The Swastika: The Earliest Known Symbol & its Migrations
Dispersion of the Swastika
Indo-Bactrian, the Indo-Sassanian, or the later Hindu or subsequent Mohammedan, and he gives in a note the approximate dates of these dynasties: Early native Buddhist monarchs from about 500 B. C. to the conquest of Alexander, about 330 B. C.; the Indo-Parthian or Scythic from about 126 B. C.; the second Hindu dynasty from about 56 B. C.; the Indo-Sassanian from A. D. 200 to 636, and subsequent to that the Indo-mohammedan form the eleventh to the the close of the thirteenth century; the Afghan dynasty to the eighteenth century, when it was destroyed by Nadir Shah. (See. p. 772)
Swastika on coins in Mesembria and Gaza. --- Mr. Perey Gardner, in his article, "Ares as a Sun-god," (1) finds the Swastika on a coin of Mesembria in Thrace. He explains that "mesembria is simply the Greek word for noon, midday (meshmbria)." The coins of this city bear the inscription MES , which Greg (2) believes refers by a kind of pun to the name of the city, and so to noon, or the sun or solar light. The answer to this is the same given throughout this paper, that it may be true, but there is no evidence in support of it. Max Müller (3) argues that this specimen is decisive of the meaning of the sign Swastika. Both these gentlemen place great stress upon the position which the Swastika held in the field relative to other objects, and so determine it to have represented the sun or sunlight; but all this seems non sequitur. A coin from Gaza, Palestine, ancient, but date not given, is attributed to R. Rochette, and by him to Munter (fig. 235). The Swastika sign is not perfect only two arms of the cross being turned, and not all four.
Swastika on Danish gold bracteates. --- Fig. 236 represents a Danish gold bracteate with a portrait head, two serpents, and a Swastika with the outer ends finished with a curve or flourish similar to that of the Jains (fig. 33).
There are other bracteates with the Swastika mark, which belong to the Scandinavian countries. (4) Some of them bear signs referring to Christian civilization, such as raising hands in prayer; and from a determination of the dates afforded by the coins and other objects the Swastika can be identified as having continued into the Christian era.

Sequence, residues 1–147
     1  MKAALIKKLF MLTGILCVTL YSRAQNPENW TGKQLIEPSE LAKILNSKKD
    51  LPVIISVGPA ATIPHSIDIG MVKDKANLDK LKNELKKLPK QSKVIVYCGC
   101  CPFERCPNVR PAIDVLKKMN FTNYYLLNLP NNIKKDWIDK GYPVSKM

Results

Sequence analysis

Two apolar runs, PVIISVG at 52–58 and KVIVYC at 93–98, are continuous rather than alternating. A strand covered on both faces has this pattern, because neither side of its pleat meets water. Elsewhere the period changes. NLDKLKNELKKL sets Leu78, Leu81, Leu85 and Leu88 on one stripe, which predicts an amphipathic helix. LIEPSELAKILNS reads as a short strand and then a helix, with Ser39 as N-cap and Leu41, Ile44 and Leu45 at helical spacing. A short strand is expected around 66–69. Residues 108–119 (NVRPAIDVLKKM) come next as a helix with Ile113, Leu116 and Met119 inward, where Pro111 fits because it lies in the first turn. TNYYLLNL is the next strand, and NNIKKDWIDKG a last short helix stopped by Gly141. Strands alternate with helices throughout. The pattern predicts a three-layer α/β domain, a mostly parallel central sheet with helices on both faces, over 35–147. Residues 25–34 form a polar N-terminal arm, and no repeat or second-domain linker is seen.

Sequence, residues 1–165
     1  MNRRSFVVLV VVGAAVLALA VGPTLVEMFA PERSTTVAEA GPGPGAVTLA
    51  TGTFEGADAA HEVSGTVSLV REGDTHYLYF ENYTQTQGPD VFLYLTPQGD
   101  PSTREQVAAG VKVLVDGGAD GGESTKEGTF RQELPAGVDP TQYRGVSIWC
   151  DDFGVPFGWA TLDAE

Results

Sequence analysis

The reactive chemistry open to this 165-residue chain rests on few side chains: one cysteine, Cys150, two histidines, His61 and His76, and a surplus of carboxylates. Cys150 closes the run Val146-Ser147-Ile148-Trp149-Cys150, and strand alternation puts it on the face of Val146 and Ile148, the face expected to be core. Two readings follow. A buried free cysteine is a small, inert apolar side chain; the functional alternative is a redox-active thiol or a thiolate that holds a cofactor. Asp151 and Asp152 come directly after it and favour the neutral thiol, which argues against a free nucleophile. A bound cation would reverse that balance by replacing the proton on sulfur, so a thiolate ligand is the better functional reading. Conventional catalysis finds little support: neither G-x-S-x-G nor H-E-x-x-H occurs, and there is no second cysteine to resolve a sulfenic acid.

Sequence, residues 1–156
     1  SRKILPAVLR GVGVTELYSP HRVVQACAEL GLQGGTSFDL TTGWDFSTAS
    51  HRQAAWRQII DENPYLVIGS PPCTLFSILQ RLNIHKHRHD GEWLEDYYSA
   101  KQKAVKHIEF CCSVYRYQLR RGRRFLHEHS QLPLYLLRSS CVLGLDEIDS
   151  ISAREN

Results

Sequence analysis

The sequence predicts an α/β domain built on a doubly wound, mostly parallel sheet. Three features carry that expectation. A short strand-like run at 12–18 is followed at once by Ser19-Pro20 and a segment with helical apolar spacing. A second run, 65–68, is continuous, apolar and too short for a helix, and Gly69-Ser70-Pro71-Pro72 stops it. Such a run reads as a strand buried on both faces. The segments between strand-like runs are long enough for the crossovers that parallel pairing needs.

The coinage of the ancient world is not a prolific field for the discovery of the Swastika. Other specimens may be found than those here given. This search is not intended to be exhaustive. Their negative information is however, valuable. It shows, first, that some of the early stamps or designs on coins which have been claimed as Swastikas were naught but the usual punch marks; second, it shows a limited use of the Swastika on the coinage and that it came to an end in very early times. Numismatics afford great aid to archæology form the facility and certainty with which it fixes dates. Using the dates furnished by the coinage of antiquity, it is gravely to be questioned whether the prolific use of the Swastika in Asia Minor (of which we have such notable examples on specimens of pottery from the hill of Hissarlik, in Greece) did not terminate before coinage began, or before 480 B. C., when the period of finer engraving began, and it became the custom to employ on coins the figures of gods, or tutelary deities, and of sacred animals. Thus the use of the Swastika became relegated to objects of commoner use, or those having greater relation to superstition and folklore wherein the possible value of the Swastika as an amulet or sign with power to bring good luck could be better employed; or, as suggested by Mr. Greg, that the great gods which, according to him, had the Swastika for a symbol, fell into disrepute and it became changed to represent something else.
United States of America
Fains Island and Toco Mounds, Tennessee. --- That the Swastika found its way to the Western Hemisphere in prehistoric times can not be doubted. A specimen (fig. 237) was taken by Dr. Edwards Palmer in the year 1881 from an ancient mound opened by him on Fains Island, 3 miles from Bainbridge, Jefferson County, Tenn. It is figured and described in the Third Annual Report of the Bureau of Ethnology, (5) as follows:
A shell ornament, on the convex surface
of which a very curious ornamental design
has been engraved. The design, enclosed by a circle, represents a cross
such as would be formed by two rectangular tablets or slips slit longitudinally
and interlaced at right angles to each other. The lines are neatly and
deeply incised. The edge of the ornament has been broken away nearly all
The incised lines of this design (fig. 237) represent the Swastika turned to the left (though the description does not recognize it as such). It has small circles with dots in the center, a style of work that may become of peculiar value on further investigation, but not to be confounded with the dots or points in what M. Zmigrodzki calls the Croix swasticale. The mound from which this specimen came, and the objects associated with it, show its antiquity and its manufacture by the aborigines untainted by contact with the whites. The mound is on the
1. "Numismatic Chron.," pt. I, 1880. See p. 788 of this paper. [Back]
2. Archæologia, XVIII, pt. II, 1885, p. 306. Back
3. Athenæum, August 20, 1892. Back
4. "Viking Age," II, figs. 1307, 1309. Back
5. Page 436, fig. 140. Back